This information will help you prepare for your ultrasound at Memorial Sloan Kettering Cancer Center (MSK). An ultrasound is also known as a sonogram.

An ultrasound uses sound waves to create pictures of your internal organs. It is used to check blood flow and to see if a mass is solid or filled with fluid. There is no radiation with an ultrasound, you typically will not need any injections, and there are no known harmful side effects.

During your ultrasound, you will lie on a bed or stretcher. Your ultrasound technologist will apply a gel to the area being examined, and then move a small device over the surface of your skin. Your ultrasound technologist cannot tell you the results during your scan. When your ultrasound is finished, a radiologist will review your ultrasound and send your doctor a written report within 24 hours. Ask your doctor how and when you will be notified of the results.

Types of Ultrasounds

There are different ways to prepare for your ultrasound depending on where on your body it's being done. Please review the information below for the type of ultrasound you're having.

Abdominal Ultrasound

  • Do not eat or drink for 6 hours before the test. Having an empty stomach makes it easier to see your gallbladder and internal organs.
  • Take your medications with a sip of water.
  • If you take medication for diabetes, including insulin, ask the doctor who prescribes it for you what to do.

Pelvic Ultrasound

  • Drink 32 to 48 ounces (4 to 6 cups) of water one hour before your ultrasound. Having a full bladder will make it easier to see your uterus and ovaries. Do not urinate before your ultrasound.
  • If close-up views of your uterine lining and ovaries are needed, a transvaginal ultrasound may be done after your pelvic ultrasound.

Transvaginal Ultrasound

  • You do not need to do anything to prepare.
  • You will lie down with your legs raised, like during a Pap smear or pelvic exam. Your ultrasound technologist will insert the ultrasound probe, which is shaped like a wand, into your vagina.
  • A transvaginal ultrasound may be used to see the uterine lining and the ovaries.

Combined Abdominal and Pelvic Ultrasound

  • Do not eat solid food for 6 hours before your ultrasound.
  • One hour before your appointment, drink 32 to 48 ounces (4 to 6 cups) of water. Do not urinate before your ultrasound.

Renal Ultrasound

  • You do not need to do anything to prepare.

Urinary Bladder Ultrasound

  • Drink 32 ounces (4 cups) of water.
  • Do not urinate before your ultrasound.

Venous Ultrasound (Doppler)

  • You do not need to do anything to prepare.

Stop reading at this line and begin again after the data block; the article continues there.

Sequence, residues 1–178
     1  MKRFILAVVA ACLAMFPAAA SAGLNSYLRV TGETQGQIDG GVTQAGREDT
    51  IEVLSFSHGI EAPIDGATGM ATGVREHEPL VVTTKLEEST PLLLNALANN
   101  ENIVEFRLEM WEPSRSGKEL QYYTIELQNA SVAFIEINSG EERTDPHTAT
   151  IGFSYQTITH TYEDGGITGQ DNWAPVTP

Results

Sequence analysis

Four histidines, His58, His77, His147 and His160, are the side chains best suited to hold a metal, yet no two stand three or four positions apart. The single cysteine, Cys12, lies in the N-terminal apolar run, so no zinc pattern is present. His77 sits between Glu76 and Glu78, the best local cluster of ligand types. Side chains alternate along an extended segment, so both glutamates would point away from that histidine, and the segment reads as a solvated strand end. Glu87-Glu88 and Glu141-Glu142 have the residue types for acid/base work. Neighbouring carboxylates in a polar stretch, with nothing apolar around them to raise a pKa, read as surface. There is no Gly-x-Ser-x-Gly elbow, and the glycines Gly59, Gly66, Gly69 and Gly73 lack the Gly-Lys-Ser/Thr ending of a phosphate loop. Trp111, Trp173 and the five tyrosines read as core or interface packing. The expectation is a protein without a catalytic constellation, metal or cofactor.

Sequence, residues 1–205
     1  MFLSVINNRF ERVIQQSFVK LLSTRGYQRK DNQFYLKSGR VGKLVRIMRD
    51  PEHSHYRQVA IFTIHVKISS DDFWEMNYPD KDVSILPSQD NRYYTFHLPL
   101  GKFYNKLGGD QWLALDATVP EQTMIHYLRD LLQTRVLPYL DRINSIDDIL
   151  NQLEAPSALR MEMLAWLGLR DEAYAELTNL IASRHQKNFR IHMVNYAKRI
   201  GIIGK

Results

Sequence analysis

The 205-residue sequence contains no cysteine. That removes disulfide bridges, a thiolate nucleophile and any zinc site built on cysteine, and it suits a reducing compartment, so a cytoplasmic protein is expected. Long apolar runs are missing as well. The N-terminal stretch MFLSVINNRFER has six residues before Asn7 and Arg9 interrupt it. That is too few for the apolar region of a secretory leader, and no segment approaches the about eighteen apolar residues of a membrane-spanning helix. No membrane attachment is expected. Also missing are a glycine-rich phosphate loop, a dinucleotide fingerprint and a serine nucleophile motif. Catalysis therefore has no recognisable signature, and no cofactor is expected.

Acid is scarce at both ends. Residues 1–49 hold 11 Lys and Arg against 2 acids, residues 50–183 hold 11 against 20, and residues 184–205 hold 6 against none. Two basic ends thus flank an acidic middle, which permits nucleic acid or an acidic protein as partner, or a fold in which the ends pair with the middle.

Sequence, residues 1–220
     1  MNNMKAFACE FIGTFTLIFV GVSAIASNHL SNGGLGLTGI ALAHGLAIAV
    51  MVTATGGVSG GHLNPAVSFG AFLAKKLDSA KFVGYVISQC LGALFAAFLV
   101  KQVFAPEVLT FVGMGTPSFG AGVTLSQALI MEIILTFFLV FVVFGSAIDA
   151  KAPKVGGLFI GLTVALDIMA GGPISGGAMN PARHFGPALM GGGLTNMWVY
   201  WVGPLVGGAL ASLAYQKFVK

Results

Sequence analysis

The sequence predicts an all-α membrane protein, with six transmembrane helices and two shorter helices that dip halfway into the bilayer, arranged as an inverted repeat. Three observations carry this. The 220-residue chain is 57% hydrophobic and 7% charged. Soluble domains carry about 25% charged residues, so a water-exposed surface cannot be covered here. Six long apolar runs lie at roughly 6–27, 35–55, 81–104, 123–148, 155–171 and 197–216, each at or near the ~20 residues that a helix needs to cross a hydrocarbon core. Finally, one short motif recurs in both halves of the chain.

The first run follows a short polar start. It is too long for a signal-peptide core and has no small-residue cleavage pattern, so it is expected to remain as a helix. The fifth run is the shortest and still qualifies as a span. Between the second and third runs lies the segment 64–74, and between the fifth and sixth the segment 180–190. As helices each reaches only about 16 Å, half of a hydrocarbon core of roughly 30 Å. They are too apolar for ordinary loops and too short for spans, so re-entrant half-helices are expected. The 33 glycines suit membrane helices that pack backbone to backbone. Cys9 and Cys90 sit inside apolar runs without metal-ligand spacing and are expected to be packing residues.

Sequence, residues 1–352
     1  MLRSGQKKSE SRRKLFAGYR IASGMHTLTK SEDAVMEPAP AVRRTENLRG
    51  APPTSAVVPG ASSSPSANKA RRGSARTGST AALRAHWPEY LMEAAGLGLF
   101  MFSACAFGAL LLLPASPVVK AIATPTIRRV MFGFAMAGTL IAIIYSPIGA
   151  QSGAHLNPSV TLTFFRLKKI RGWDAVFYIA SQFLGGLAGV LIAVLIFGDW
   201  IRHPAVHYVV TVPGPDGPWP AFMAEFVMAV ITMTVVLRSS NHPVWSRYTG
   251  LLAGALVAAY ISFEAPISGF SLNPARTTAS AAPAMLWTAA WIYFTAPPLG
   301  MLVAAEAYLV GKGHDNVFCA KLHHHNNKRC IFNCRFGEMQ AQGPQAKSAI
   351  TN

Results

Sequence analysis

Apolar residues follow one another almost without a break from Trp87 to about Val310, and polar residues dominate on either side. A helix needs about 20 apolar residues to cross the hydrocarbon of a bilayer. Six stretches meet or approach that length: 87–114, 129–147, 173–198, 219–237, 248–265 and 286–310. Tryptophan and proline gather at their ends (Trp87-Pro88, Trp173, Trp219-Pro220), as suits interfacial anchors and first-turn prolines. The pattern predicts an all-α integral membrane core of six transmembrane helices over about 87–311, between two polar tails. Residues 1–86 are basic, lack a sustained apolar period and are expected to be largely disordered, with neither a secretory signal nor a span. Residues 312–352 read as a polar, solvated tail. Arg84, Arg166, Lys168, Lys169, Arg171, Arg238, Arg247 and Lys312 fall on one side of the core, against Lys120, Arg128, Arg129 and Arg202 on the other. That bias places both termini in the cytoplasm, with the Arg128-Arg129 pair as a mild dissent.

• This test is used to diagnose blood clots in the legs or arms.

Breast Ultrasound

  • You do not need to do anything to prepare.

Scrotal Ultrasound

  • You do not need to do anything to prepare.

Carotid Artery Ultrasound

  • You do not need to do anything to prepare.
  • This sonogram is used to evaluate blood vessels in the neck, which supply blood to the head.

Thyroid Ultrasound

  • You do not need to do anything to prepare.

Ultrasound-Guided Thyroid Biopsy or Lymph Node Biopsy

  • You do not need to do anything to prepare.
  • The ultrasound is used to guide the placement of a thin needle into the thyroid gland or lymph node. Cells are removed and sent to the laboratory to find out whether any cancerous or other abnormal cells are present.
  • This test may be done safely even if you are taking aspirin or other medications to thin your blood. However, if a large needle will be used for the biopsy, the radiologist performing your procedure will contact you with instructions.

Hysterosonogram

  • You do not need to do anything to prepare.
  • If you still have your period (premenopausal):
    • You should have the exam the first 8 to 12 days after you start your period (menstrual cycle), preferably right after you stop bleeding.
    • Do not have unprotected vaginal sex during the first 12 days of your menstrual cycle.
    • If you are pregnant or think you may be pregnant, this test cannot be performed.
    • If you have an intrauterine device (IUD), this test cannot be performed.
  • This exam is done to evaluate the lining of the uterus and to look for polyps (growths of tissue).
  • Sterile saline is put into your uterus through a small, soft catheter in your vagina.
  • You will be given instructions to follow after your procedure. For several days, you will need to avoid sexual activity, swimming, and taking baths.